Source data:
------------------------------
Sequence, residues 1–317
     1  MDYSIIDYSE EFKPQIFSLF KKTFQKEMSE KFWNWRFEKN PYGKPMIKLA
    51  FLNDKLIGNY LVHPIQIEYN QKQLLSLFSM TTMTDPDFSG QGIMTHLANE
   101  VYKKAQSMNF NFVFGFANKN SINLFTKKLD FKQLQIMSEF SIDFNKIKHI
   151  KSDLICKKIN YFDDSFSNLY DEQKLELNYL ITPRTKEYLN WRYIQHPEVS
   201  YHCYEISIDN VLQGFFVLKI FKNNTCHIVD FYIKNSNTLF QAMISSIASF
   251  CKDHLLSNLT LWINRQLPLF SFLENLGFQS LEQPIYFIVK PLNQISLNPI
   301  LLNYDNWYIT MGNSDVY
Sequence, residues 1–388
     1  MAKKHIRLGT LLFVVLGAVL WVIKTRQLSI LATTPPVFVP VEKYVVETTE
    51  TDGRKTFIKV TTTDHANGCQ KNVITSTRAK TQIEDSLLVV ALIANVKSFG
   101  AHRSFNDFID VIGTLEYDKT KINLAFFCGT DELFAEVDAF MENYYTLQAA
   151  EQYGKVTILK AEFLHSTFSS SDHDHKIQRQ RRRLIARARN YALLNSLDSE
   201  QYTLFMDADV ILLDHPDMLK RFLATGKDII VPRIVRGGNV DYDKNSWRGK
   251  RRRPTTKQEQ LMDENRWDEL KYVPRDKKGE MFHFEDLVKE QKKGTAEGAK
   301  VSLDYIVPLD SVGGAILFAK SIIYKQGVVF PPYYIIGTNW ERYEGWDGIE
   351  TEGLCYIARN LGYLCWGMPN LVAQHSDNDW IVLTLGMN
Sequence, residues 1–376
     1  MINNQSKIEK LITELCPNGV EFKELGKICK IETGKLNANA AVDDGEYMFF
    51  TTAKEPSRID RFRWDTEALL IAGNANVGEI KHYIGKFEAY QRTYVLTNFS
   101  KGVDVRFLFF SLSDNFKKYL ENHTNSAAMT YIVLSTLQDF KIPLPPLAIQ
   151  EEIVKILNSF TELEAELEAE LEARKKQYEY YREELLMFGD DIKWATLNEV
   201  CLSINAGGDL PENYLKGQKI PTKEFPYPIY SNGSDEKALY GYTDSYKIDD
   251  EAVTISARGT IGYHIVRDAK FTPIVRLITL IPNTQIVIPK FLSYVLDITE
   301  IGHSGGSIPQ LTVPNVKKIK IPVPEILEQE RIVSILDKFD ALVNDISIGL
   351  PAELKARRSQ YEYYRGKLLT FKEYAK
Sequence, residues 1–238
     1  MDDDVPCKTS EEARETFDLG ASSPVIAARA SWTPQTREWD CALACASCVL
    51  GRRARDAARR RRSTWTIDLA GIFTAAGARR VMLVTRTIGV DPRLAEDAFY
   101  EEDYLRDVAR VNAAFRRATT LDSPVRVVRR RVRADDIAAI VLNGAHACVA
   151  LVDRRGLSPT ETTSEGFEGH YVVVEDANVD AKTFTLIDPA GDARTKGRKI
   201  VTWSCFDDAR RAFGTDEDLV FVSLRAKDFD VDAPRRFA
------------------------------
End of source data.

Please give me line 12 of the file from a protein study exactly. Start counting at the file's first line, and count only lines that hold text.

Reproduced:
   101  AHRSFNDFID VIGTLEYDKT KINLAFFCGT DELFAEVDAF MENYYTLQAA